CHARLESTON – The West Virginia Oil Marketers & Grocers Association (OMEGA), the West Virginia Trucking Association (WVTA) and the West Virginia Wholesalers Association (WVWA) all have their political action committees have endorsed Beth Walker for Justice of the Supreme Court of Appeals of West Virginia.
“After careful consideration of the candidates in this race, it was clear to our associations’ members that Beth Walker will be an independent voice for the people and businesses of West Virginia,” said Jan Vineyard, president of OMEGA and WVTA and Executive Director of WVWA. “Beth Walker has the legal experience and judicial philosophy that will allow all parties with a case before our state’s highest court to have a fair shake. We are pleased to provide her our endorsements.”
The West Virginia Oil Marketers & Grocers Association represents the business interests of those engaged in the petroleum marketing, retail grocery and convenience store industries.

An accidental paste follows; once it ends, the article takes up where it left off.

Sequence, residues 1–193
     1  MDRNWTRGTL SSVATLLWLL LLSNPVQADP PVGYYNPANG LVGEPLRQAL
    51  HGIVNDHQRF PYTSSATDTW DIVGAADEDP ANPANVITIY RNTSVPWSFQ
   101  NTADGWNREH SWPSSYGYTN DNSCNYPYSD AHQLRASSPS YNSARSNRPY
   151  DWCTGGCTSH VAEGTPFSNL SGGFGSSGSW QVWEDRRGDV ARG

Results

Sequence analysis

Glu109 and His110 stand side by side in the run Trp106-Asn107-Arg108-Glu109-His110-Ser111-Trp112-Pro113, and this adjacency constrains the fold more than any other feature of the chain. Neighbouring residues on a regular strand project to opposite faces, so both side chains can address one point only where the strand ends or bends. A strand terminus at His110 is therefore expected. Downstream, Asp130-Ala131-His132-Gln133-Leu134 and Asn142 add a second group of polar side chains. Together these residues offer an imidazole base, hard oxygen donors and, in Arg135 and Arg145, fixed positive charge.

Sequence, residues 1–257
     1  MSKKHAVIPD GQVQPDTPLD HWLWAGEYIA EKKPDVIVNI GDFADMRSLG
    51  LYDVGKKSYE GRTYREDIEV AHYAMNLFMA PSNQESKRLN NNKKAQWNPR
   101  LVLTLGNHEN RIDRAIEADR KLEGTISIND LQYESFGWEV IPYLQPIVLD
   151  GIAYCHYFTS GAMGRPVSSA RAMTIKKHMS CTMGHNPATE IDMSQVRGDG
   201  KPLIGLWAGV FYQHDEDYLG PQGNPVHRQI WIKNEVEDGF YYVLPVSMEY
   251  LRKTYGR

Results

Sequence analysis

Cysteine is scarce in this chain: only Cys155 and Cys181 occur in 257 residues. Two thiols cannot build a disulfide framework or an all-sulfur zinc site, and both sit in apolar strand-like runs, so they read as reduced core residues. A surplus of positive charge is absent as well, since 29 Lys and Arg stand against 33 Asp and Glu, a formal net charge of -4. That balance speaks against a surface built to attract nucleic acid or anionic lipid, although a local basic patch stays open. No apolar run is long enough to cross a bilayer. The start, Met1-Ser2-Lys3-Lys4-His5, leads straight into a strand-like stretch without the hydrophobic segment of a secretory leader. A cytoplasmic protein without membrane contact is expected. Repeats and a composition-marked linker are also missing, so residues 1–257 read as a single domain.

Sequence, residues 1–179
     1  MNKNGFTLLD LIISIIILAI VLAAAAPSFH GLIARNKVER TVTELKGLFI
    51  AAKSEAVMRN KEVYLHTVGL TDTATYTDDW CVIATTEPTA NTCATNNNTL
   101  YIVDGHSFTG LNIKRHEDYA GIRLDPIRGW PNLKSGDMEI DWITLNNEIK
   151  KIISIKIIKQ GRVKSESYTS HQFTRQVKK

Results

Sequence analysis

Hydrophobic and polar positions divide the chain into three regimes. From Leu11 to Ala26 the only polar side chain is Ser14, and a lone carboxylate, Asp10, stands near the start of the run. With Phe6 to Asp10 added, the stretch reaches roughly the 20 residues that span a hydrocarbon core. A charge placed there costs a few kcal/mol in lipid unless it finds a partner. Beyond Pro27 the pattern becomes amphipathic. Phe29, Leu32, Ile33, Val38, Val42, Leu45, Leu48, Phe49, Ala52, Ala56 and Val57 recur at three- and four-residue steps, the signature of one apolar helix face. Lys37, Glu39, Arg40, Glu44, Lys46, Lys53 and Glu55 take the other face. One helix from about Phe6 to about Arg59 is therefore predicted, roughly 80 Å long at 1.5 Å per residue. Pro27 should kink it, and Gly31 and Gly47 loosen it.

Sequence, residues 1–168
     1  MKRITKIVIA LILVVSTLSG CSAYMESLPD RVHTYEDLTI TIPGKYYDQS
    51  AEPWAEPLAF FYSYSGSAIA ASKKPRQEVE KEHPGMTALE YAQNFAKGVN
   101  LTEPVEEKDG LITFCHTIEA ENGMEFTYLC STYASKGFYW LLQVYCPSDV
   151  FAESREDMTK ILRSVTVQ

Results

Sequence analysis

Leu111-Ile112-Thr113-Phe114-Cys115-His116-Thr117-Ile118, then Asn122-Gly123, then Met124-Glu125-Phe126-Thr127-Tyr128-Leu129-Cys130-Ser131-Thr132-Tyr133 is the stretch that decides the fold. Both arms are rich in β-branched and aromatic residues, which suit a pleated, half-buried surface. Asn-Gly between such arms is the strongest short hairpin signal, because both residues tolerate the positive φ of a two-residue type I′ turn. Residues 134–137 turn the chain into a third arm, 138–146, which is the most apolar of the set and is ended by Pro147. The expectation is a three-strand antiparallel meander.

While, the West Virginia Trucking Association is tasked with an organized and uniform effort within the state’s trucking industry to promote increased highway safety and funding, as well as public education on the importance and value of commercial vehicle transportation.
Finally, the West Virginia Wholesalers Association represents wholesale distributers and manufacturers within the state. Combined these associations represent more than 600 member companies that employ over 60,000 residents of the Mountain State.
“I am honored to have the support of the oil marketers and grocers, the truckers, the wholesalers and their members for my candidacy for Justice of the Supreme Court of Appeals,” Walker said. “We are working hard to earn the support of organizations like these who appreciate the importance of a fair, impartial and nonpolitical judiciary.”
Walker is one of five who have filed for one seat on the bench. The other candidates include incumbent Justice Brent Benjamin, former Justice and state Attorney General Darrell McGraw, former state legislator Bill Wooton and Clay County attorney Wayne King.
Starting this year, all judicial elections in West Virginia are non-partisan. That means the candidates aren’t tied to political parties. It also means the May 10 primary is the only election for judicial seats.